The optical tweezers apparatus is finally functioning, so I spent yesterday trying it out. I can't yet do what I want to do, but enough of the steps are working that I've been able to get to a new problem.
The various optical components have been adjusted, so now I could (sometimes) trap beads at the laser focus. This is quite fussy; most of the time the beads are pulled into the focus point (the trap) and then spit right out again. My colleague thinks this is probably because of a bit of astigmatism in the (cheap) laser, and because she's now using an oil-immersion lens rather than a water immersion lens. I don't understand why the oil immersion lens would be worse, as the oil is specially designed to have the same refractive index as the glass on either side of it (the objective lens and the cover slip) so oil causes less refraction than water. But anyway, the trap works best when it is within 20 microns of the coverslip/oil/lens. Unfortunately it's tricky to get this distance because the micrometer used to move the chamber forwards and back has quite a bit of wobble ('hysteresis').
I could also focus on the cells I had attached to the coverslip, and the images looked much clearer than they had before the optics were adjusted. Again though, the wobble in the micrometer made this somewhat imprecise. And once I'd trapped a bead I could use the micrometer to move the chamber away from the objective, thus bringing the trap position to the surface of the coverslip where the cells were.
At this point, if the beads had DNA on them, the cells might attach to the DNA. But the beads I had brought were too small. I had made them in a bit of a rush the night before, and although I was quite sure I'd taken the beads from the little bottle labeled "2.1 micron" I must have somehow used the one labeled "1.2 micron". So I was using 2 micron beads without DNA, taken from an old tube that was in the drawer of the tweezers lab.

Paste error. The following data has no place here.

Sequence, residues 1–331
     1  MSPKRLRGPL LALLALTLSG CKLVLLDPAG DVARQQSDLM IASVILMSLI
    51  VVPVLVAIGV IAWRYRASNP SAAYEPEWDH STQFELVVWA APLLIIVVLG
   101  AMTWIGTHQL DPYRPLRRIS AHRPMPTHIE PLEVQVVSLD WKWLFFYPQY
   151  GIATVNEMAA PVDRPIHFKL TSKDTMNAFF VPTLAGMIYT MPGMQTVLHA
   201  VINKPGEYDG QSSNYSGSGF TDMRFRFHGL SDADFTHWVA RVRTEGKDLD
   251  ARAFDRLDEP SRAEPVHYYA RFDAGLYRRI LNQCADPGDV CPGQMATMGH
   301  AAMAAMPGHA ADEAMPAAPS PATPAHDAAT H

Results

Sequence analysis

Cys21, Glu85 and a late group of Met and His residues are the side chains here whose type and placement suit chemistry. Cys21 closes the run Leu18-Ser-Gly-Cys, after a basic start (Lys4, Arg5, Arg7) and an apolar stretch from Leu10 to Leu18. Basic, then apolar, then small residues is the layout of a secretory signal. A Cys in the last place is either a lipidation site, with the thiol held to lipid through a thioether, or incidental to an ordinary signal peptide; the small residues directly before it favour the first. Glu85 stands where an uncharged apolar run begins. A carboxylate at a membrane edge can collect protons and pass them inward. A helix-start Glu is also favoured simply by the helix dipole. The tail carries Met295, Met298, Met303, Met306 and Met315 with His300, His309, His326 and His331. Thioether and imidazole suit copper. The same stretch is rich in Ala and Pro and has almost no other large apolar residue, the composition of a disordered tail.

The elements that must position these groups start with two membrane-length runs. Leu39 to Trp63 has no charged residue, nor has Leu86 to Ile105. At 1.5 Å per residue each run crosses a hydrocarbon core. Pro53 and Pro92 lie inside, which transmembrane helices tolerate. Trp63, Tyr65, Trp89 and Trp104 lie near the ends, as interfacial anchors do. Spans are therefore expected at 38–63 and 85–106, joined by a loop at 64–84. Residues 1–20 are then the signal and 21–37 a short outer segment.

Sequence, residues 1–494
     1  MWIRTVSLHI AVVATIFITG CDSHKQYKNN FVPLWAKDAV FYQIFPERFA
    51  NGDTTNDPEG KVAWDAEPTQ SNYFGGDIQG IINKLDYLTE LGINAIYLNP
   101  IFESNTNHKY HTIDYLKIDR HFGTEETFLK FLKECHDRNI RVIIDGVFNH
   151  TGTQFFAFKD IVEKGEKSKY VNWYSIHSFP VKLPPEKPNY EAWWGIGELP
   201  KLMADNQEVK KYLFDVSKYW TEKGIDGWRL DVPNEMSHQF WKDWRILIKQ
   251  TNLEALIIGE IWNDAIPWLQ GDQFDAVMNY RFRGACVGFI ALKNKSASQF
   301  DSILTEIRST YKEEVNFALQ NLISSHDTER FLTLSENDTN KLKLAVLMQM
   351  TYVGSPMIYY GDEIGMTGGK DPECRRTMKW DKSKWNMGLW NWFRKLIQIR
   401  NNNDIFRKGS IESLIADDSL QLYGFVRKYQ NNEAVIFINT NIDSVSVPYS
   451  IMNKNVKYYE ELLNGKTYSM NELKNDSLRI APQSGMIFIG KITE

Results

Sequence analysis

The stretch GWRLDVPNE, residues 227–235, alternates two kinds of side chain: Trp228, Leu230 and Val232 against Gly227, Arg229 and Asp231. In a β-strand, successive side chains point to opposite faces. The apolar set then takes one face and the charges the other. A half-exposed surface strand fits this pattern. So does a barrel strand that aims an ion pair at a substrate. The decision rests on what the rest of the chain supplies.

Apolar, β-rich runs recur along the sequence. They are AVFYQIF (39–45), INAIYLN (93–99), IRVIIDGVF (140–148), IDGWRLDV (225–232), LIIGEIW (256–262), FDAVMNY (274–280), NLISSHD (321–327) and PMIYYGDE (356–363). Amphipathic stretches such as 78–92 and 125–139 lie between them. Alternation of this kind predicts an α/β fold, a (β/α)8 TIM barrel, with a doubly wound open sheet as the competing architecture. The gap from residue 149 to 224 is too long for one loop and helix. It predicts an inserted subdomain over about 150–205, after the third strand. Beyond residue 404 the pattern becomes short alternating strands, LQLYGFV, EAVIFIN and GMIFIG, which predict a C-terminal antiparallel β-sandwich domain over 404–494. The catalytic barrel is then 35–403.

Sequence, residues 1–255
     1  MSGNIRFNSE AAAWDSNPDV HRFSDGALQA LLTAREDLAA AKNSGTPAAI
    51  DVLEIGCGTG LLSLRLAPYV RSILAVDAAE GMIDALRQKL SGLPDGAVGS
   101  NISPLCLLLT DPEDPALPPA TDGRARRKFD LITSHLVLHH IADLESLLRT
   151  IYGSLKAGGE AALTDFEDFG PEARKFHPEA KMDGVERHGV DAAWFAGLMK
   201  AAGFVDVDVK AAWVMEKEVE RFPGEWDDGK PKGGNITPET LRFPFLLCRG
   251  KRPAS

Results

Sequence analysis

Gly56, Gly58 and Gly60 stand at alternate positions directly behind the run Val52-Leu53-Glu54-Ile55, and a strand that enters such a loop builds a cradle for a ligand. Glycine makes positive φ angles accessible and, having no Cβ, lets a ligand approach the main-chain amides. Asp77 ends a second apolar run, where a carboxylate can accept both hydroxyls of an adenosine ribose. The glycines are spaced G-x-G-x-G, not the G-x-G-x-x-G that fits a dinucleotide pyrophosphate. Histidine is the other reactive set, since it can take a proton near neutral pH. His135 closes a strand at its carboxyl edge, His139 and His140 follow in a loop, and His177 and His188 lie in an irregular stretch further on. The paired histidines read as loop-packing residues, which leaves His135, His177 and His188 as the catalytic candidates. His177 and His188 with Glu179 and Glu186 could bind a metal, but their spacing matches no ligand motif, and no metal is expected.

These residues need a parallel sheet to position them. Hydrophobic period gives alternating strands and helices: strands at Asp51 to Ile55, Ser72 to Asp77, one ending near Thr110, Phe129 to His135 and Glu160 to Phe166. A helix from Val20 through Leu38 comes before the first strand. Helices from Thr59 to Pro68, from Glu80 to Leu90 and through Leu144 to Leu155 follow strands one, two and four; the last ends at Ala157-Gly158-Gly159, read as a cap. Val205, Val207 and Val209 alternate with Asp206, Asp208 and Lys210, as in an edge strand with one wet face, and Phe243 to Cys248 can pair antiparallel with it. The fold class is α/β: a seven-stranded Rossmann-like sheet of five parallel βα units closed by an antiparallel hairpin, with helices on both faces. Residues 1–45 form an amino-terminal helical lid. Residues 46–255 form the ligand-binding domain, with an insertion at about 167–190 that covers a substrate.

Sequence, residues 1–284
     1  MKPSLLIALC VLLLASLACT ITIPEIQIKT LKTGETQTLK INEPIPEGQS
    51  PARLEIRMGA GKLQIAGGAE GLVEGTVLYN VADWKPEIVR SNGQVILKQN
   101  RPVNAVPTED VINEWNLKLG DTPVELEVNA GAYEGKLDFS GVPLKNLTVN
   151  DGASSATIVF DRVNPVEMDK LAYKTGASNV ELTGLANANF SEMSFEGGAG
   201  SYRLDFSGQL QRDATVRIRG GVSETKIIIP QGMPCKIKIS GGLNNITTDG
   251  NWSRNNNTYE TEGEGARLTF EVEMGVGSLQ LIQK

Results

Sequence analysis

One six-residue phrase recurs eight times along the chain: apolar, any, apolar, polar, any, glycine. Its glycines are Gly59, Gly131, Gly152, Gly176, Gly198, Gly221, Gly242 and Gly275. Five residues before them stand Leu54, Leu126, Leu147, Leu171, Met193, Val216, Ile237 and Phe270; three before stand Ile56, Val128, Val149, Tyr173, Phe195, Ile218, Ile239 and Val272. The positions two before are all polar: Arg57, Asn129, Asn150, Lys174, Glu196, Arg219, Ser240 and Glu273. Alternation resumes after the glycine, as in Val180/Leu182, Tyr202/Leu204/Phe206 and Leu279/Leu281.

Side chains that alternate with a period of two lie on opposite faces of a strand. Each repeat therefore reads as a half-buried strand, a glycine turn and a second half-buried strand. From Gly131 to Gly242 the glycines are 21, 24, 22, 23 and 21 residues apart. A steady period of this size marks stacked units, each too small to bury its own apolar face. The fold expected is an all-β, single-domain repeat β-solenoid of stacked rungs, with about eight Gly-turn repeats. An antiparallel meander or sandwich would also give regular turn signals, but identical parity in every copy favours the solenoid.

But this is where the new problem became evident. When I brought the beads to the coverslip where the cells were, the beads quickly became stuck to the coverslip. This wasn't exactly a surprise. I knew this was likely to be a problem, and had been trying out ways to prevent it a couple of months ago. But I hadn't found any that worked. So I need to go back and try some more, both treating the coverslip after the cells have attached, and pre-treating the beads after the DNA has attached.
I may also be able to solve this problem by not petting the beads touch the cover slip in the first place. In principle I should be able to bring the bead to a position that's still a few microns above the coverslip. Depending on how far the DNA extends from the bead surface, the cell will be able to contact the DNA but the bead will not contact the coverslip. The problem here is the poor control of the chamber position (the wobbly micrometer). My colleague has what appears to be a better micrometer (bought on eBay!), but she's not sure it is compatible with the present setup.
I'm going to make one more try at this before submitting the CIHR grant (due in a month). This time I'll take more time to carefully prepare my 2.1 micron beads with attached DNA. The problem of beads sticking to the sides of the tube when being washed hasn't been solved but it can be minimized. I'll add biotin to the first wash to block the streptavidin, and finally resuspend them in TE with added BSA to reduce nonspecific binding.
Sixty-four years later: How Watson and Crick did it
20 hours ago in The Curious Wavefunction